(This first picture, both of these are courtesy of the home owner, is a bit terrifying: where he once had a perfectly sound log wall, he'll soon have a gaping hole!)

The second shot is of Tom routering out the logs so he can install the window frame. (Keep in mind that many of the locations Trapper Cabin Handyman is called to don't have electricity - such as this one. That means he has to lug the "portable" [that's relative when it weighs somewhere around 75 pounds] generator to each site.)

The 2nd job was some miscellaneous yard clean up / organization followed by re-roofing a potting shed and re-siding and roofing a small greenhouse. He's still working on that job.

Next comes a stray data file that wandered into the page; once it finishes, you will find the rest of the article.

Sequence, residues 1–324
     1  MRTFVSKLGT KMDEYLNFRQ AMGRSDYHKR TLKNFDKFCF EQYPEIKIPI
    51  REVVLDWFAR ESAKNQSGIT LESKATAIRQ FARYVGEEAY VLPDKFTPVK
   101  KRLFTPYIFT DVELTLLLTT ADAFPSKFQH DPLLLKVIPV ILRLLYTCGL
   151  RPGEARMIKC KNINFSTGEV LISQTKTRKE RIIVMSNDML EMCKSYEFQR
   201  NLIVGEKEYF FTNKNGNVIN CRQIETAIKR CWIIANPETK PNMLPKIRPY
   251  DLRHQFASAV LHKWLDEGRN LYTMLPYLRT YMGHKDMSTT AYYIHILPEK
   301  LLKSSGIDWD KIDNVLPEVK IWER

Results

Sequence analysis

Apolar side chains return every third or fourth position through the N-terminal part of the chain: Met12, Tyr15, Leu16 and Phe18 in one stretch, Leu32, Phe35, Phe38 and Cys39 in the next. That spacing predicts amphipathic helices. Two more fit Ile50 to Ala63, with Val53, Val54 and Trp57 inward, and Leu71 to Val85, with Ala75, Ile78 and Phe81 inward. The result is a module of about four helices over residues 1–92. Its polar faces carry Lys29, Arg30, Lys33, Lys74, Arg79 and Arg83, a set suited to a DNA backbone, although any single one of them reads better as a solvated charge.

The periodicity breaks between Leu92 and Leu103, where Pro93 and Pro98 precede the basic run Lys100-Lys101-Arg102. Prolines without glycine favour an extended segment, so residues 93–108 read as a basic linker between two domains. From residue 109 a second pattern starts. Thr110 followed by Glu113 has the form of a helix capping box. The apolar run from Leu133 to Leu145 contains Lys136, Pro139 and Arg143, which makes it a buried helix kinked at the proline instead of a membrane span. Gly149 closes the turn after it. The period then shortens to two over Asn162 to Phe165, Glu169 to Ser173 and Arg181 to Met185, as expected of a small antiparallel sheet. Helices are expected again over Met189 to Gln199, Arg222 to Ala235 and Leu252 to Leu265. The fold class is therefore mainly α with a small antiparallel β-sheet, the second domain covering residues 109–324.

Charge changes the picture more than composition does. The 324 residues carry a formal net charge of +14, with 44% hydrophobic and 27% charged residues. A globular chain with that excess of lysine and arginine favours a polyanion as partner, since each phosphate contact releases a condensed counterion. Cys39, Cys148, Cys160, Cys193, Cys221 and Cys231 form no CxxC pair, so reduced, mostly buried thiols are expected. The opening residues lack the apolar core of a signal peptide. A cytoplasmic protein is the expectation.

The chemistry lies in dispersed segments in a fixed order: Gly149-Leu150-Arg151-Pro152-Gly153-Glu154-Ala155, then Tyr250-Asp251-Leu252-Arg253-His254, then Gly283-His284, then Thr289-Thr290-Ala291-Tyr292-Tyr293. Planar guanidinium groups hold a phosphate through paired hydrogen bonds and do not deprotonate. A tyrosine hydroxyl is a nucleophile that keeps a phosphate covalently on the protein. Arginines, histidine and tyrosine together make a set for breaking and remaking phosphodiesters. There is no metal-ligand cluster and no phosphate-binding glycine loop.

Today took him down to the job he bid on in the county south of us. The work site is about a 2 hour drive, door-to-door. There's a new development on a tiny lake there, and each of the building sites needs to be marked by signs that the developer had made. Tom's mounting the signs and putting them in the ground (which is difficult since the ground is pretty much nothing but ledgerock in that area). There are 33 sites, if memory serves. There were also 3 large signs that needed to be put up at main intersections. My dad went down to help him one day last week with the largest of the signs. Does that mean that Tom's business is big enough to sub-contract work out now?! (Ha ha.)